FOX Soccer Exclusive
Money reason behind UEFA's scheme
Michel Platini made some waves today when he floated the idea that the European Championships could be held across the continent, as opposed to a single country in 2020.
“The Euros in 2020 could be held all over Europe,” Platini told reporters today at a UEFA press conference. “It could be either one country and 12 stadiums, or one stadium in 12 or 13 cities.”
“It's an idea I feel really passionate about, it will be a lot easier from a financial perspective for all the countries,” Platini continued. “If you need to build airports or 10 stadiums in a country, this would be rather easy because it would be one stadium per host city.”
Let’s leave aside the predictable grousing (the only people who care about which country might get a free pass into the Euros are members of the English media) and actually see Platini’s proposal for what it is: a direct response to its own phenomenally popular Champions League.
Since UEFA are going ahead with plans to expand the Euros to a 24-team tournament (more on that in a moment), this makes some sort of sense. Nearly half of UEFA’s 53 member nations will qualify for 2016, and instead of sticking one nation with the cost of building new grounds, why not just go where the stadiums already are?
Spreading the wealth would make the Euros a nightmare for folks in my profession — but would also make the tournament a truly continental spectacle.
Now, this doesn’t mean I agree with it.
One of the nice things about the Euros is that is small. It’s basically three weeks of soccer and an extended, lovely fortnight in a single country. Expanding from 16 teams – an ideal number – up to 24 teams is a mistake.
Why? Well, consider the last World Cup, a bloated beast of a tournament that proved to me that there are not truly 32 world-class caliber teams. We saw some miserable slogs in South Africa, and a lot of that was due to the fact that there were a good ten teams that did not belong there.
Here, we have seen a great set of group stage games and some very fine knockout round games. Thursday’s Germany-Italy semifinal was absolutely superb. Yes, we’ve had a couple dogs – I never want to see Spain play Portugal ever again, thanks – but on the whole, this has been a classic tournament.
Bigger, in this case, is not better. Does anyone really think the addition of the likes of Switzerland, Scotland, Belarus or Estonia would make this a better tournament? One of the biggest arguments against “spreading the wealth” is this very tournament. On the evidence, UEFA must never, ever again allow a co-hosted tournament. Ever.
It is no secret that I happen to feel that Poland should have simply hosted this on their own. Poland have three category four stadiums that sat unused during this past month (Legia’s Polish Army Stadium in Warsaw, Wisla’s Miejeski Stadium and Wroclaw’s Olympic Stadium) and had UEFA been a bit more realistic in their attendance requirements, would have put on a super show.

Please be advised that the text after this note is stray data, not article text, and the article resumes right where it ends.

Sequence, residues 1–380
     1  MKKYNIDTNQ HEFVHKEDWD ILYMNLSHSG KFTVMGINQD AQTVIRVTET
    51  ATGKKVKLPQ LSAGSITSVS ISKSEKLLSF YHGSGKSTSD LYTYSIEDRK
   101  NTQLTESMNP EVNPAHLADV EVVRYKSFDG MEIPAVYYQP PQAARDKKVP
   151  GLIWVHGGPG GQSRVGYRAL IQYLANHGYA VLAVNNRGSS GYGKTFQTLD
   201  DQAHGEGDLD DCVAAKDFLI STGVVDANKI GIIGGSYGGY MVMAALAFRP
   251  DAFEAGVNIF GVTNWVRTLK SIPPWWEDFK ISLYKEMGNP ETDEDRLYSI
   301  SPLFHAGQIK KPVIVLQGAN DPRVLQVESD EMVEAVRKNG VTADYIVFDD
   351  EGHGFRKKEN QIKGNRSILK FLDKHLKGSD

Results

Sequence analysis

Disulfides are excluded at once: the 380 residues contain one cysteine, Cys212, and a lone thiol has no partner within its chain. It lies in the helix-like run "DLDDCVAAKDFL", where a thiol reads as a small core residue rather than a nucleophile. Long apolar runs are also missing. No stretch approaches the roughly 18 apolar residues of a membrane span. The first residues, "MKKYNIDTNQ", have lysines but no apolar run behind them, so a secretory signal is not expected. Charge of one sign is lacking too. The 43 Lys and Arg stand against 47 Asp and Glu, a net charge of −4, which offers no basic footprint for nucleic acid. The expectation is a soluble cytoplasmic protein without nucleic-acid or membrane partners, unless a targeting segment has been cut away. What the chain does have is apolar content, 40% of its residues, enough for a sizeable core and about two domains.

Instead, we got a jerry-rigged, disconnected tournament that lacked cohesion. It had brutal travel times and a market for lodging in Ukraine that Michel Platini himself called “criminal.” As a result, a lot of fans stayed home.
Anyone looking at hosting this thing should beware: Poland spent $20 billion getting ready for this show, and it’s very hazy on what their legacy will be. Had the Poles been able to host everything themselves, and got a chance to show off more of this great nation, we would've had a greater tournament.
As it stands, this was a very fan-unfriendly tournament from a logistical point of view.
None of this should take away from UEFA’s true motivation: money. Cynics will note that they are attempting to increase their revenues by including more teams, and thus having more games to sell to global television. Fair enough.
But they also have to be worried that the national team game is slipping badly in comparison to the club game, and this is a semi-logical response.
Putting national team games in people’s backyards is always a good idea. Anyone who has attended the matches in Poland and Ukraine when the hosts were playing will attest that they experienced a riveting event. In terms of atmosphere, only this year’s Champions League final — held on Bayern Munich’s home soil – came close.
The thought of Greece playing a major tournament game in Athens, of an England playing at Wembley, or of Scotland playing at Hampden Park is very powerful stuff indeed. Where it gets tricky is when those games move to neutral turf. Will fans really shell out to fly to Stockholm, Berlin, Barcelona and Moscow in the space of two weeks?
Judging from the crowds seen in Kiev and the fact that tickets remain available for Sunday’s final, I’m not sure they will.
Jamie Trecker is the senior editor for FOXSoccer.com covering the UEFA Champions League and the Barclays Premier League.
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